Unless I am mistaken, English is a fairly common language in India due to the prior occupation by the British, and is at least in some part still one of the official languages of the state. One of the reasons it is difficult for speakers of American English... again from my own understanding... is that Indian English is a form of the language that the speaker has already been using casually on their own long before one needs to communicate with American speakers. And it bears more resemblance to the quirks and usages of the British anyway, a double-strike for those of us not used to working alongside people from the Indian subcontinent.

Most of this is what I've gathered and assumed, someone please correct me where I err.
(no subject) - hoppytoad79 - Sep. 26th, 2008 06:48 pm (UTC) Expand
(no subject) - the_demon79 - Sep. 26th, 2008 06:58 pm (UTC) Expand
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(no subject) - the_demon79 - Sep. 26th, 2008 07:25 pm (UTC) Expand
(no subject) - hoppytoad79 - Sep. 26th, 2008 07:34 pm (UTC) Expand
(no subject) - galbinus_caeli - Sep. 26th, 2008 07:14 pm (UTC) Expand
(no subject) - mamagaea - Sep. 26th, 2008 06:15 pm (UTC) Expand
(no subject) - hoppytoad79 - Sep. 26th, 2008 06:57 pm (UTC) Expand
(no subject) - the_demon79 - Sep. 26th, 2008 07:02 pm (UTC) Expand
the_demon79 wrote:
Sep. 26th, 2008 06:46 pm (UTC)
Obama's stance on trade globalization:
http://www.barackobama.com/issues/economy/#trade

McCain's:
http://www.johnmccain.com/Issues/JobsforAmerica/trade.htm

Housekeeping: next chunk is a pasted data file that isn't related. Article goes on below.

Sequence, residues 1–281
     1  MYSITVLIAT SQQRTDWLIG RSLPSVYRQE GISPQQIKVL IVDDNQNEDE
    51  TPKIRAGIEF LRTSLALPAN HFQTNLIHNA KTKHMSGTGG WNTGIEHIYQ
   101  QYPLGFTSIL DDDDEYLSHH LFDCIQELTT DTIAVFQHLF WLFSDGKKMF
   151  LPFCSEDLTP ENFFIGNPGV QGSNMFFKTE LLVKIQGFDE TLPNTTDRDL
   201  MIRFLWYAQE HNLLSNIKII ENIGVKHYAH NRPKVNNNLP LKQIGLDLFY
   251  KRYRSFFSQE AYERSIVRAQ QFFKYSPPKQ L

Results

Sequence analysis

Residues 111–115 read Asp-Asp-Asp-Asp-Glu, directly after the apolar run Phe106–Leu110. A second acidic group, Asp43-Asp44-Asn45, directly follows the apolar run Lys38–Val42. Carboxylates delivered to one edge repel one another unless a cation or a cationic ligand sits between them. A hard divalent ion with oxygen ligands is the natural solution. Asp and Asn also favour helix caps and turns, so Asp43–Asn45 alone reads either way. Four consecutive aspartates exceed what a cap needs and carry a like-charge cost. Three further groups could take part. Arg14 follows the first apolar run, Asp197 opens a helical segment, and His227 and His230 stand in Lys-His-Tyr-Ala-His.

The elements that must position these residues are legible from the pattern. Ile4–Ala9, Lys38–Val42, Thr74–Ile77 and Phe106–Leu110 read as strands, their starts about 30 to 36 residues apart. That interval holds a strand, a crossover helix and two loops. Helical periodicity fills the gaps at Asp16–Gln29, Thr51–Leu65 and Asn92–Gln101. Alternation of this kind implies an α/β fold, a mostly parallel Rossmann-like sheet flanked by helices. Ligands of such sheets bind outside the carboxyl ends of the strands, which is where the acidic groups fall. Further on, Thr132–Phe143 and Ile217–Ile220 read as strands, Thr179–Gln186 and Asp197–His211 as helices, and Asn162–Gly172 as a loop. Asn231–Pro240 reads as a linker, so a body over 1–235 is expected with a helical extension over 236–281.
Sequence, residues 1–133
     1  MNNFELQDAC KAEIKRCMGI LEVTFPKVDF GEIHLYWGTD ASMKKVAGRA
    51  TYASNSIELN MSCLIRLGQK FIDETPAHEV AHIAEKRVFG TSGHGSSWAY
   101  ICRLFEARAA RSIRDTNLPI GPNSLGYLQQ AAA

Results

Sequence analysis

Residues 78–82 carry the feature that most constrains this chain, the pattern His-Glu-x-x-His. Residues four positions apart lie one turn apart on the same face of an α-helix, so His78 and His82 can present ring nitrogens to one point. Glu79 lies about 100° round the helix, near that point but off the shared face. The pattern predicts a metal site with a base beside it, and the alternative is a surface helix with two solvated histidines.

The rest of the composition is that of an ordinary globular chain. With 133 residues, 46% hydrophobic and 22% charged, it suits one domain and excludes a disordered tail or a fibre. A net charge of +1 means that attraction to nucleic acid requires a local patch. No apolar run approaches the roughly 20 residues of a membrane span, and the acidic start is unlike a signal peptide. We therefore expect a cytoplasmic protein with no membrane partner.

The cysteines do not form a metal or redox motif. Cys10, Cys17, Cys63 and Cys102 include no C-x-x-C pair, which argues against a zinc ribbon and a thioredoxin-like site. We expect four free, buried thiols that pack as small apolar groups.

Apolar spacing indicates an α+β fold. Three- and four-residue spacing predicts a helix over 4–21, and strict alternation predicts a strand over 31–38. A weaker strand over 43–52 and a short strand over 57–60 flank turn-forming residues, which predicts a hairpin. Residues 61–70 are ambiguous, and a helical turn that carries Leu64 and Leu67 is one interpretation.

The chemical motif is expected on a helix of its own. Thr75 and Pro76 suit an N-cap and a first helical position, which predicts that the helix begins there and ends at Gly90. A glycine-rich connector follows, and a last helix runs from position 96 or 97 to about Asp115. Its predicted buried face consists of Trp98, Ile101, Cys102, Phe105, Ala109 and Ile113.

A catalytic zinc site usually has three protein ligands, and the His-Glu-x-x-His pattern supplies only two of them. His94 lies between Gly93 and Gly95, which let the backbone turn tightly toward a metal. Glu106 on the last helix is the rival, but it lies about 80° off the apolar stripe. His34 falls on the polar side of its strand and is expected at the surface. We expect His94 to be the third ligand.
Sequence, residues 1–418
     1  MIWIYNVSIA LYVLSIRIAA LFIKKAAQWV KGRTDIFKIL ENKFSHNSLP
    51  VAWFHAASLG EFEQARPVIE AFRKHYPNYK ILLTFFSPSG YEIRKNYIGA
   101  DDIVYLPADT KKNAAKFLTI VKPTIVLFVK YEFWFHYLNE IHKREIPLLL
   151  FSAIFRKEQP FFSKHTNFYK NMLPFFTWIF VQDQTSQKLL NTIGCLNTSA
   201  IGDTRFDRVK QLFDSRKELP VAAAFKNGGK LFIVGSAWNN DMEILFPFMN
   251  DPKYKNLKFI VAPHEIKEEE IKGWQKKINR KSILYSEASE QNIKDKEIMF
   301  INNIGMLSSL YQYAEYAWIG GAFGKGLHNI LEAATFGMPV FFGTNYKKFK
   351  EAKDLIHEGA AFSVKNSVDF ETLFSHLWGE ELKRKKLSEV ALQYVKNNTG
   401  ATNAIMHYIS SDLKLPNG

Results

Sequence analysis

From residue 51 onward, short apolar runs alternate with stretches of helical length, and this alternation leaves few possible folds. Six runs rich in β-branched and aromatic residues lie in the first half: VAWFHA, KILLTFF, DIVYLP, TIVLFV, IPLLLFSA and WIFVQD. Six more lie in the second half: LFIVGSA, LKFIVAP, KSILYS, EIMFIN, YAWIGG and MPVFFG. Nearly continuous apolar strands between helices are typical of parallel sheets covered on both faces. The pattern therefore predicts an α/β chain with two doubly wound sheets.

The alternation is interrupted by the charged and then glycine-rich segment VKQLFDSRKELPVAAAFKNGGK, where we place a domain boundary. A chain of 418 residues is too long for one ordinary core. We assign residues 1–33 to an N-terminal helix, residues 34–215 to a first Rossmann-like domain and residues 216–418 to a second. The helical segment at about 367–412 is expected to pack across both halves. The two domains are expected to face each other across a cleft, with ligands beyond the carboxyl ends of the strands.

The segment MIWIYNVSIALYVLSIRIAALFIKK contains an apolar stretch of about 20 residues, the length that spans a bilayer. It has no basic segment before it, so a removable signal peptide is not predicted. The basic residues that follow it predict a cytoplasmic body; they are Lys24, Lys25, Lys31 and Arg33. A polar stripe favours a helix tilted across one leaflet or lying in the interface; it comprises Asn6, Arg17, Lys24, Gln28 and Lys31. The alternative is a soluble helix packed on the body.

Democrats and Republicans both share a strange dichotomy when it comes to our nation's place in the world culturally and economically. The right doesn't mind having business cross borders, but wants the gates closed against foreign culture. The left says business should stay domestic to prevent exploitation of foreign workers, but supports multiculturalism.

Neither campaign specifically uses white collar jobs as the example of trade globalism, though. The image typically invoked as the touchstone for the evils of multinational corporations' hiring practices are kids slaving away in Chinese sweatshops sewing clothes for next to nothing. The greater public doesn't rally around the IT/Comm sector being trimmed down, especially considering the ridiculous level of inflation in the industry during the late 90s and the steady growth in it despite outsourcing.

As a computer programmer myself, I'm not terribly worried about tech jobs going to India. Don't get me wrong, the effects ARE felt. I know a guy whose department was dissolved due to funding and he has had problems finding employment due to "under-specialization." IT has been made a niche market by outsourcing. It's just that the sorts of jobs I'd ever consider pursuing aren't impacted.